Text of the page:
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21 November 2005
Today Microsoft announced that the XML file formats to be supported by default in the Office "12" product will be open.
"We are going to bring the Microsoft Office Open XML formats to a standards body with the intention of eventually making the formats an ISO standard. This should really help everyone feel certain that these formats will always be available and fully accessible. We are going to work with Apple, Barclays Capital, BP, the British Library, Essilor, Intel Corporation, NextPage Inc., Statoil ASA and Toshiba to form a technical committee at ECMA International that will fully document all of our schemas so that anyone can understand how to develop on top of them. This is obviously a huge step forward and it really helps to increase the value of these document formats because of the improved transparency and interoperability. This will help to create a large ecosystem built around these formats that will support them in a large number of different scenarios for customers.This is great news, for various reasons, but what this means to consumers is this, if your data is stored in Office 12 file formats, in the future the question will not be if you will be able to get to your data, but how you will get to it. I've had documents in several file formats that have eventually died and getting the data out has been a real chore. This kind of commitment is a great thing for everyone involved. I hope it is well recieved.
Posted by David Weiss at 11/21/2005 05:37:00 PM
18 November 2005
I've often wondered about how things we create so often attempt to "represent" things that are already created. From Object Oriented Design to Database Theory to Human Computer Interaction, there is a theme that I'm only beginning to see, and that is our search for doing things like they are done in the natural world. Sometimes it's using the examples of schools of fish or clouds of flying grasshoppers to elucidate dense transportation problems. Other times it's as simple as organizing a set of data the way a tree organizes its leaves for sunlight. As one of my favorite poets writes of little children this way:
Behold the Child among his new-born blisses, A six years' Darling of a pigmy size! See, where 'mid work of his own hand he lies, Fretted by sallies of his mother's kisses, With light upon him from his father's eyes! See, at his feet, some little plan or chart, Some fragment from his dream of human life, Shaped by himself with newly-learned art; A wedding or a festival, A mourning or a funeral; And this hath now his heart, And unto this he frames his song: Then will he fit his tongue To dialogues of business, love, or strife; But it will not be long Ere this be thrown aside, And with new joy and pride The little Actor cons another part; Filling from time to time his "humorous stage" With all the Persons, down to palsied Age, That Life brings with her in her equipage; As if his whole vocation Were endless imitation. William Wordsworth - Ode: Intimations Of Immortality From Recollections Of Early ChildhoodI just finished reading a most interesting article entitled Turing's Cathedral where George Dyson visits Google on the occasion of the 60th anniversary of John von Neumann's proposal for a digital computer. All of it is interesting. This part I really liked:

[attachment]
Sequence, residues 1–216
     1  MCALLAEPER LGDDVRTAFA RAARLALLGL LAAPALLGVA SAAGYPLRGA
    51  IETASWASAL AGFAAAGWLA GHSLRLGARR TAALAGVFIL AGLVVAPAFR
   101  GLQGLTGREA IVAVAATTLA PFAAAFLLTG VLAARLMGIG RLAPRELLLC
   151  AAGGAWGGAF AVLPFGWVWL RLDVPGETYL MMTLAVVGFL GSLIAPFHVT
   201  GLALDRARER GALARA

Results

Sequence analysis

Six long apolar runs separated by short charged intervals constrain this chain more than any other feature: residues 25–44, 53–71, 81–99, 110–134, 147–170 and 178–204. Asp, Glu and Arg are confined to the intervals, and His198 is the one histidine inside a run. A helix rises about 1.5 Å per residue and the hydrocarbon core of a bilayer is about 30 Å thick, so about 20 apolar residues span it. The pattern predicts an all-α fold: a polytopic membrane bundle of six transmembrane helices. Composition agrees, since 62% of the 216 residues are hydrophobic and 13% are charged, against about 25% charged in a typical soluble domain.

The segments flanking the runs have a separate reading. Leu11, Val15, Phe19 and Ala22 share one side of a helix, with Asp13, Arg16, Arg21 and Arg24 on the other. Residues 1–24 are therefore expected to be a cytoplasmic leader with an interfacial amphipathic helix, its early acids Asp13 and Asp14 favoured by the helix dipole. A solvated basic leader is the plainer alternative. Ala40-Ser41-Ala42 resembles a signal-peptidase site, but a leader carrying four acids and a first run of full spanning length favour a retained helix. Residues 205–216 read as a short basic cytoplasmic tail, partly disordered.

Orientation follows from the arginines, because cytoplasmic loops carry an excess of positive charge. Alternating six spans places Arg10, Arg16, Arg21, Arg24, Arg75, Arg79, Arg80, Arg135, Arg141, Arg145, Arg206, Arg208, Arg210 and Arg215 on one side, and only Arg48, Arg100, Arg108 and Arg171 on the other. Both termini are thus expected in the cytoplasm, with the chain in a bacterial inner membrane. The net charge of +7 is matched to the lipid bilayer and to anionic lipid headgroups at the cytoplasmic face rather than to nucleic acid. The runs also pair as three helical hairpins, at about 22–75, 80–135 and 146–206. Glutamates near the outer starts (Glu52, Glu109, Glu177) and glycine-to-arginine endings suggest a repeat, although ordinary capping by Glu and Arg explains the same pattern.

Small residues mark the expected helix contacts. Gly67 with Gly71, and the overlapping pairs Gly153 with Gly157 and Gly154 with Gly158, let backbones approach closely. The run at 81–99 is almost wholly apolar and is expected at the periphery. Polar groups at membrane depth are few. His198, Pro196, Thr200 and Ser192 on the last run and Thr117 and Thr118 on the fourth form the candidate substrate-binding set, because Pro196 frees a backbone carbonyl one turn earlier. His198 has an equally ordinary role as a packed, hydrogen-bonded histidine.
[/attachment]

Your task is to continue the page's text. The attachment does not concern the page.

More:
Fifty years later, thanks to solid state micro-electronics, the von Neumann matrix is going strong. The problem has shifted from how to achieve reliable results using sloppy hardware, to how to achieve reliable results using sloppy code. The von Neumann architecture is here to stay. But new forms of architecture, built upon the underlying layers of Turing-von Neumann machines, are starting to grow. What's next? Where was von Neumann heading when his program came to a halt? As organisms, we possess two outstanding repositories of information: the information conveyed by our genes, and the information stored in our brains. Both of these are based upon non-von-Neumann architectures, and it is no surprise that Von Neumann became fascinated with these examples as he left his chairmanship of the AEC (where he had succeeded Lewis Strauss) and began to lay out the research agenda that cancer prevented him from following up. He considered the second example in his posthumously-published The Computer and the Brain. "The message-system used in the nervous system... is of an essentially statistical character," he explained. "In other words, what matters are not the precise positions of definite markers, digits, but the statistical characteristics of their occurrence... a radically different system of notation from the ones we are familiar with in ordinary arithmetics and mathematics... Clearly, other traits of the (statistical) message could also be used: indeed, the frequency referred to is a property of a single train of pulses whereas every one of the relevant nerves consists of a large number of fibers, each of which transmits numerous trains of pulses. It is, therefore, perfectly plausible that certain (statistical) relationships between such trains of pulses should also transmit information.... Whatever language the central nervous system is using, it is characterized by less logical and arithmetical depth than what we are normally used to [and] must structurally be essentially different from those languages to which our common experience refers." Or, as his friend Stan Ulam put it," What makes you so sure that mathematical logic corresponds to the way we think?"
Posted by David Weiss at 11/18/2005 11:48:00 AM